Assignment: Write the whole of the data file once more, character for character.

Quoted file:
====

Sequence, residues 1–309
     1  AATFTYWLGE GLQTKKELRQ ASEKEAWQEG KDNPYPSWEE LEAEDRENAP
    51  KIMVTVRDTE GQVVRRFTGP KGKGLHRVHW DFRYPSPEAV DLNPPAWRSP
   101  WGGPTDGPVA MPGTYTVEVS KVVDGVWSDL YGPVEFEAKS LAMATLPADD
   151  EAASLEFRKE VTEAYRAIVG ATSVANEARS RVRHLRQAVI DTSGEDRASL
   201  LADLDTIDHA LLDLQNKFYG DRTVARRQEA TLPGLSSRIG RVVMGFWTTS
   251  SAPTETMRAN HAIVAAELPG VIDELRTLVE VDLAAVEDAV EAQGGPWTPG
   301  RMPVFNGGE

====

Sequence, residues 1–309
     1  AATFTYWLGE GLQTKKELRQ ASEKEAWQEG KDNPYPSWEE LEAEDRENAP
    51  KIMVTVRDTE GQVVRRFTGP KGKGLHRVHW DFRYPSPEAV DLNPPAWRSP
   101  WGGPTDGPVA MPGTYTVEVS KVVDGVWSDL YGPVEFEAKS LAMATLPADD
   151  EAASLEFRKE VTEAYRAIVG ATSVANEARS RVRHLRQAVI DTSGEDRASL
   201  LADLDTIDHA LLDLQNKFYG DRTVARRQEA TLPGLSSRIG RVVMGFWTTS
   251  SAPTETMRAN HAIVAAELPG VIDELRTLVE VDLAAVEDAV EAQGGPWTPG
   301  RMPVFNGGE